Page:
Article

Neuroprotective Sirtuin ratio reversed by ApoE4.

The Buck Institute for Research on Aging, Novato, CA 94945.
Proceedings of the National Academy of Sciences (Impact Factor: 9.81). 10/2013; DOI: 10.1073/pnas.1314145110
Source: PubMed

ABSTRACT The canonical pathogenesis of Alzheimer's disease links the expression of apolipoprotein E ε4 allele (ApoE) to amyloid precursor protein (APP) processing and Aβ peptide accumulation by a set of mechanisms that is incompletely defined. The development of a simple system that focuses not on a single variable but on multiple factors and pathways would be valuable both for dissecting the underlying mechanisms and for identifying candidate therapeutics. Here we show that, although both ApoE3 and ApoE4 associate with APP with nanomolar affinities, only ApoE4 significantly (i) reduces the ratio of soluble amyloid precursor protein alpha (sAPPα) to Aβ; (ii) reduces Sirtuin T1 (SirT1) expression, resulting in markedly differing ratios of neuroprotective SirT1 to neurotoxic SirT2; (iii) triggers Tau phosphorylation and APP phosphorylation; and (iv) induces programmed cell death. We describe a subset of drug candidates that interferes with the APP-ApoE interaction and returns the parameters noted above to normal. Our data support the hypothesis that neuronal connectivity, as reflected in the ratios of critical mediators such as sAPPα:Aβ, SirT1:SirT2, APP:phosphorylated (p)-APP, and Tau:p-Tau, is programmatically altered by ApoE4 and offer a simple system for the identification of program mediators and therapeutic candidates.

1 Bookmark
 · 
46 Views
  • Source
    [Show abstract] [Hide abstract]
    ABSTRACT: This report describes a novel, comprehensive, and personalized therapeutic program that is based on the underlying pathogenesis of Alzheimer's disease, and which involves multiple modalities designed to achieve metabolic enhancement for neurodegeneration (MEND). The first 10 patients who have utilized this program include patients with memory loss associated with Alzheimer's disease (AD), amnestic mild cognitive impairment (aMCI), or subjective cognitive impairment (SCI). Nine of the 10 displayed subjective or objective improvement in cognition beginning within 3-6 months, with the one failure being a patient with very late stage AD. Six of the patients had had to discontinue working or were struggling with their jobs at the time of presentation, and all were able to return to work or continue working with improved performance. Improvements have been sustained, and at this time the longest patient follow-up is two and one-half years from initial treatment, with sustained and marked improvement. These results suggest that a larger, more extensive trial of this therapeutic program is warranted. The results also suggest that, at least early in the course, cognitive decline may be driven in large part by metabolic processes. Furthermore, given the failure of monotherapeutics in AD to date, the results raise the possibility that such a therapeutic system may be useful as a platform on which drugs that would fail as monotherapeutics may succeed as key components of a therapeutic system.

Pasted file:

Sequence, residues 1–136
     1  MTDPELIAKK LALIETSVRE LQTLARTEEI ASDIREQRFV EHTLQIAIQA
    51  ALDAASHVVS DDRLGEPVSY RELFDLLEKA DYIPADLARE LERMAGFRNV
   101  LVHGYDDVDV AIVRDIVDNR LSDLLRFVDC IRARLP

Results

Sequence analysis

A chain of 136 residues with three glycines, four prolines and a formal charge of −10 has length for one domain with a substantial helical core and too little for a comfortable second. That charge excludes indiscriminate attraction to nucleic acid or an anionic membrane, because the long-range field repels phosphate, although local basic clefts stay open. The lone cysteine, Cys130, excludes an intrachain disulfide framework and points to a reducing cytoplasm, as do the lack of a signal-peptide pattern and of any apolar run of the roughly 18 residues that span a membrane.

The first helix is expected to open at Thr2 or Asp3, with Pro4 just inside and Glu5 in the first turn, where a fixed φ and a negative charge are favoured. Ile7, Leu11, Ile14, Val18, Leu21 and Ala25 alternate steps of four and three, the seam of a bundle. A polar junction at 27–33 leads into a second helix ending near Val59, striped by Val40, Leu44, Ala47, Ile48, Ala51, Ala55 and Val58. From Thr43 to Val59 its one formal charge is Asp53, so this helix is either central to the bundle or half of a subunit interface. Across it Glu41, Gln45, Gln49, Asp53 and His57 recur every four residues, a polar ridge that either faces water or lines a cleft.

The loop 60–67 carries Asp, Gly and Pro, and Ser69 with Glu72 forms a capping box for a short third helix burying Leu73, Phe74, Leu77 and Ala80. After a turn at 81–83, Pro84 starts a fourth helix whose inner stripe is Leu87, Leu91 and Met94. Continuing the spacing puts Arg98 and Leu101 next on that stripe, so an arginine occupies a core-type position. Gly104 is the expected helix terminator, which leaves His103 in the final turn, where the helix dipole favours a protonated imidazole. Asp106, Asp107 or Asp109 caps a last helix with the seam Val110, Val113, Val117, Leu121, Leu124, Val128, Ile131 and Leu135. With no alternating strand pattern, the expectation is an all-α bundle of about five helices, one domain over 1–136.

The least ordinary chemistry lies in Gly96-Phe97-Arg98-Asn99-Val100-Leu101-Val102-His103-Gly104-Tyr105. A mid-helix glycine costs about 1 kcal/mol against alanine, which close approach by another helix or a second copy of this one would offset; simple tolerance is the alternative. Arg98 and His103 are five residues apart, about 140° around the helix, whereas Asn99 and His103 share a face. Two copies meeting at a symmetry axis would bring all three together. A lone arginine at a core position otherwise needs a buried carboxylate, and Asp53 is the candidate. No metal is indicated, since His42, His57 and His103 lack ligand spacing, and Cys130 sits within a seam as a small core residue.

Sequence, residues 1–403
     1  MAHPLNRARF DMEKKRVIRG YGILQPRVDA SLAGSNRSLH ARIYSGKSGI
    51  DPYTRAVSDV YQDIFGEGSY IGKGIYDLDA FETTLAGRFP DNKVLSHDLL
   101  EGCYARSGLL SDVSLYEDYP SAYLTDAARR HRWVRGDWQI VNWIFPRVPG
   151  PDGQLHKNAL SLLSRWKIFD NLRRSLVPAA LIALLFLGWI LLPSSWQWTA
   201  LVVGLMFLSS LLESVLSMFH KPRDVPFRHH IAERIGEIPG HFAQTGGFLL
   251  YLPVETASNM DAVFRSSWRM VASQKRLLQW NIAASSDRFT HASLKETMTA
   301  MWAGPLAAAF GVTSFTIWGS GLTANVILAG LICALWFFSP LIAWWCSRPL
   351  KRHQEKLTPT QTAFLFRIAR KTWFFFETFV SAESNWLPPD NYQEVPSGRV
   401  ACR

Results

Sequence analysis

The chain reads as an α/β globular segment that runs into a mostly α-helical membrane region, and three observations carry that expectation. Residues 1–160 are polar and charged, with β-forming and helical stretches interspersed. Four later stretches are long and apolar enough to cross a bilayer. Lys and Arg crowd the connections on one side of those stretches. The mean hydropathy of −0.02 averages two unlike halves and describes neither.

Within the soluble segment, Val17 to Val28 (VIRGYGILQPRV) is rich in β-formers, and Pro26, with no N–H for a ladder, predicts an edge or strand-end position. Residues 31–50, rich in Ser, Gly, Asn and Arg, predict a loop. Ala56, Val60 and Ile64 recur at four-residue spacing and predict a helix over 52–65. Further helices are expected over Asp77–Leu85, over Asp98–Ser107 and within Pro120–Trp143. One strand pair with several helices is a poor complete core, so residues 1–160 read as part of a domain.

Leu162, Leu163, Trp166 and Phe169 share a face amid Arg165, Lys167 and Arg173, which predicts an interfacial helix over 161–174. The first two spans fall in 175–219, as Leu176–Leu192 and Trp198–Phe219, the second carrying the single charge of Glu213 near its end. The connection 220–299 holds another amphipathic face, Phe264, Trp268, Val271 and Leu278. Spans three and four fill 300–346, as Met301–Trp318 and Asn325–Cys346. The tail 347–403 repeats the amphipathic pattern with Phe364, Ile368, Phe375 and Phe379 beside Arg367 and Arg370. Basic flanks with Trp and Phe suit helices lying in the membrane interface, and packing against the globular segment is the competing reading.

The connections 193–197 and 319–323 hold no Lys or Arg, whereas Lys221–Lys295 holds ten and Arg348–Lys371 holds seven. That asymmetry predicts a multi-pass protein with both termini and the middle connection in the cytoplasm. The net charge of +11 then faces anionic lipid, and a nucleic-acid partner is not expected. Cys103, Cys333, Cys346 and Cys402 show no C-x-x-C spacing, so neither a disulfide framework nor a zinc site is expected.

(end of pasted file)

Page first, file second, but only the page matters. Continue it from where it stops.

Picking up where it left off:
Aging 09/2014; 6(9):707-17. · 4.89 Impact Factor
  • [Show abstract] [Hide abstract]
    ABSTRACT: As one of the most important hallmarks of Alzheimer's disease (AD), β-amyloid (Aβ) plays important roles in inducing reactive oxygen species (ROS) generation, mitochondrial dysfunction and apoptotic cell death in neurons. Curcumin extracted from the yellow pigments spice plant turmeric shows multiplied bioactivities such as antioxidant and anti-apoptosis properties in vitro and in vivo. In the present study, the neuroprotective effect of curcumin against Aβ25-35-induced cell death in cultured cortical neurons was investigated. We found that pretreatment of curcumin prevented the cultured cortical neurons from Aβ25-35-induced cell toxicity. In addition, curcumin improved mitochondrial membrane potential (ΔΨm), decreased ROS generation and inhibited apoptotic cell death in Aβ25-35 treated neurons. Furthermore, we found that application of curcumin activated the expression of SIRT1 and subsequently decreased the expression of Bax in the presence of Aβ25-35. The protective effect of curcumin was blocked by SIRT1 siRNA. Taken together, our results suggest that activation of SIRT1 is involved in the neuroprotective action of curcumin.
    Biochemical and Biophysical Research Communications 04/2014; · 2.28 Impact Factor